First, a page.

The Oakland Raiders and San Diego Chargers have plans to build a joint stadium in Carson, south of downtown Los Angeles.

LOS ANGELES — The next stage of the National Football League's stadium game is underway.

The league confirmed late Monday that the Oakland Raiders, St. Louis Rams and the San Diego Chargers all submitted applications to relocate to the Los Angeles area.

The relocation of a franchise requires three quarters of the NFL's 32 teams to vote in favor. An owner's meeting is scheduled to take place in Houston, Texas on Jan. 12 and 13.

All three teams want a piece – or the entire pie – of the enormous Los Angeles market, vacant since the Rams moved from Anaheim to St. Louis after the 1994 season.

Rams owner Stan Kroenke has plans for a stadium in the L.A. suburb of Inglewood on the site of the former Hollywood Park horse racing track.

The Chargers and Raiders plan a joint stadium project 12 miles away in Carson.

Leaders in all three cities had submitted proposals to the NFL on Dec. 30 for keeping the teams in their current cities.

"This announcement isn't a surprise, but it's still disappointing for generations of San Diego Chargers fans," San Diego Mayor Kevin Faulconer said. "Our city is the rightful home to the Bolts. We believe the viable stadium plan we have presented to the NFL should be cause for keeping the Chargers in their hometown."

San Diego city and county officials first presented the region's proposal – including a financial framework, a completed environmental impact report and stadium renderings – in August.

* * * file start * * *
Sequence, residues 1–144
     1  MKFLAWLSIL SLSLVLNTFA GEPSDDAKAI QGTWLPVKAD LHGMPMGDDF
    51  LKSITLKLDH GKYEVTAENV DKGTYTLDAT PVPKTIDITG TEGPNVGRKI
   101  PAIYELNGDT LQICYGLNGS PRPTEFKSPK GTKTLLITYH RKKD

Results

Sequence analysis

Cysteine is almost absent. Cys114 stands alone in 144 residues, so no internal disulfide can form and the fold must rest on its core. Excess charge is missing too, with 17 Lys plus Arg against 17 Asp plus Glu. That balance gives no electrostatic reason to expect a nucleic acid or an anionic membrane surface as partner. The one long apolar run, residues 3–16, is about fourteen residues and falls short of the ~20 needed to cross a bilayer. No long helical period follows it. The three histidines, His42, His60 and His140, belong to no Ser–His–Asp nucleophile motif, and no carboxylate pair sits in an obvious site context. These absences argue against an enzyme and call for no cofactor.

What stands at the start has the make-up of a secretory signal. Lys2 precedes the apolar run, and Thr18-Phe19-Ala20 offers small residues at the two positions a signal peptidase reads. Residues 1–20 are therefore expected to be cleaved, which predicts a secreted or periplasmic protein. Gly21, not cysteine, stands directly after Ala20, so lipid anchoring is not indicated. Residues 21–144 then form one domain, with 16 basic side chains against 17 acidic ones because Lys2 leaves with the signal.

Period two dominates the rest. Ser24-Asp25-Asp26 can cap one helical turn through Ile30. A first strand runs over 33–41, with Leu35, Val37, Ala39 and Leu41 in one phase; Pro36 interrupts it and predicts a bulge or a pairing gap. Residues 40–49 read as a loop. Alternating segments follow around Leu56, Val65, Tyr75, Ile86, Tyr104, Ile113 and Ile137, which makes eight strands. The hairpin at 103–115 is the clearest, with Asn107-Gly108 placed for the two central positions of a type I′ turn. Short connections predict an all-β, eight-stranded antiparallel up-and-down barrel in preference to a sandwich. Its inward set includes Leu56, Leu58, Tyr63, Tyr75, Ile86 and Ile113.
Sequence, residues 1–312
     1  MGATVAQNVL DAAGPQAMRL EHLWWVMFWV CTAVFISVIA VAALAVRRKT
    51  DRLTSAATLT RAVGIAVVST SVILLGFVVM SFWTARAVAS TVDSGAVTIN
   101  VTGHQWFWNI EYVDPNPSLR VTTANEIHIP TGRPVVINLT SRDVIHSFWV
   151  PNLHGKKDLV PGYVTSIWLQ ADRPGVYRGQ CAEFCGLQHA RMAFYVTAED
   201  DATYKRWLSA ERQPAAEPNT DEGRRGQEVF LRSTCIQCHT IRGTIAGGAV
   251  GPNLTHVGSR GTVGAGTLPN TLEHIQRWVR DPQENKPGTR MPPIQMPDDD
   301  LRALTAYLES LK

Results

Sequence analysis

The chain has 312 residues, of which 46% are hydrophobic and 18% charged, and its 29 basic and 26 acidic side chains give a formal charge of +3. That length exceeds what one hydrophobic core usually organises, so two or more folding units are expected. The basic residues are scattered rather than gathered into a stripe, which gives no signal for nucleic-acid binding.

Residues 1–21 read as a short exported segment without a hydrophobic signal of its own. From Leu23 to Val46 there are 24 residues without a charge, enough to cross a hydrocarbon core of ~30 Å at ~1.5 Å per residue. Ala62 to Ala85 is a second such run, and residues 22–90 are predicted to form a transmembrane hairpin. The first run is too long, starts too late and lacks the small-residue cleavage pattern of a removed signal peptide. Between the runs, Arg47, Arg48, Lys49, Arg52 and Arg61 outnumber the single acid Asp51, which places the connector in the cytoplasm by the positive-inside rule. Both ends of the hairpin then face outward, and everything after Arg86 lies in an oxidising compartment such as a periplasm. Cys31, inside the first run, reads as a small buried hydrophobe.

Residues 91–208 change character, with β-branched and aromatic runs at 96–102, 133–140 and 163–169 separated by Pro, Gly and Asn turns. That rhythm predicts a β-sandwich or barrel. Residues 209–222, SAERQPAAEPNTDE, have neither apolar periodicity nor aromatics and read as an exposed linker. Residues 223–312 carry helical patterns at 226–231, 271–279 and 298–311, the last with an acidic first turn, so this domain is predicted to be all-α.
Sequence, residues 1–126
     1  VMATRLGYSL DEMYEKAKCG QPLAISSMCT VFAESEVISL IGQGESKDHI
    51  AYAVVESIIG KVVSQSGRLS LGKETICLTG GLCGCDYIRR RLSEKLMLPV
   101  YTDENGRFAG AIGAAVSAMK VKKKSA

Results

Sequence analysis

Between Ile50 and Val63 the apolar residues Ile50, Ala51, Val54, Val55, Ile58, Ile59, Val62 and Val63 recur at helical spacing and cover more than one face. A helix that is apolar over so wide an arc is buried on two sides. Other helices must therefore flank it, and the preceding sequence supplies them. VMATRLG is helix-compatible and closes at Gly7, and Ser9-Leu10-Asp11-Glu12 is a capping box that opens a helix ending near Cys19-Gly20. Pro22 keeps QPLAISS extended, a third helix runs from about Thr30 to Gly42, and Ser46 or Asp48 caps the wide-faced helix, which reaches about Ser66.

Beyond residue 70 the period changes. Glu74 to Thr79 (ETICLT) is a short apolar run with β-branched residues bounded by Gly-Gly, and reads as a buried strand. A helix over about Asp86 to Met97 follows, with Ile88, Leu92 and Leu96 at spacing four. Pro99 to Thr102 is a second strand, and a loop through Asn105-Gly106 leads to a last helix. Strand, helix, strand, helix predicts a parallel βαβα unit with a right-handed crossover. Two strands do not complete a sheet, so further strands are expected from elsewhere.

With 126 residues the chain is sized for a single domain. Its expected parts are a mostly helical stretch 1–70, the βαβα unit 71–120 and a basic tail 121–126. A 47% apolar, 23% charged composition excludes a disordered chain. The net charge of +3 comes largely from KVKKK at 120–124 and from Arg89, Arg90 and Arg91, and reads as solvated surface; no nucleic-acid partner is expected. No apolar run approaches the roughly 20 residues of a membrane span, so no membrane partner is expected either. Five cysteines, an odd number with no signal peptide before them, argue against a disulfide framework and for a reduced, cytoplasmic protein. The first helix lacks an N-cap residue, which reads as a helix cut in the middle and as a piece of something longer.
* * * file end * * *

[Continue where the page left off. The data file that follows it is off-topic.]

San Diego officials could put a stadium plan on the June 2016 ballot, if the Chargers return to the negotiating table and reach an agreement. The Chargers walked away from negotiations in June 2015, making it impossible to hold a public vote in December or January as San Diego had initially proposed, according to a Faulconer spokesman.

Cory Briggs, an attorney who is part of a coalition that proposed a hotel tax be put on the ballot to help pay for the city's infrastructure needs, also announced on Monday he would aim for the November ballot, rather than June, in order to avoid conflict with a stadium-related initiative.

In an interview posted on the Chargers website, team owner Dean Spanos, said the city will not be able to come up with a plan in a necessary time frame. While Spanos said he considers San Diego home, the team has fans in Orange County, Los Angeles and Riverside – and with two other teams proposing to move to Los Angeles, it can't afford to lose the market share.

He added that San Diego has never been able to come up with the subsidy the team needs to build a stadium there.

The city has offered to contribute up to $200 million and the county $150 million toward building a $1 billion stadium in San Diego for the team, according to its proposal.

"We have tried for more than 14 years, through nine separate proposals and seven different mayors, to create a world-class stadium experience for fans in San Diego," Spanos said. "Despite these efforts, there is still no certain, actionable solution to the stadium problem. We are sad to have reached this point."

Oakland Mayor Libby Schaaf, who sent a joint letter with Alameda County Board of Supervisors' President Scott Haggerty, said her city's letter focused on its strength as an NFL market, that the city has an approved stadium project, and a commitment by local officials to work towards keeping the team in a manner that works for the team and the fans, but is responsible to the taxpayers, Schaaf said.

"There was no expectation that Oakland would submit a fully formed proposal given the complexities of its situation," Schaaf said of her city's proposal in a statement.

In Missouri, Gov. Jay Nixon worked with St. Louis officials to propose a heavily subsidized stadium to replace the Rams' current home, the Edward Jones Dome.

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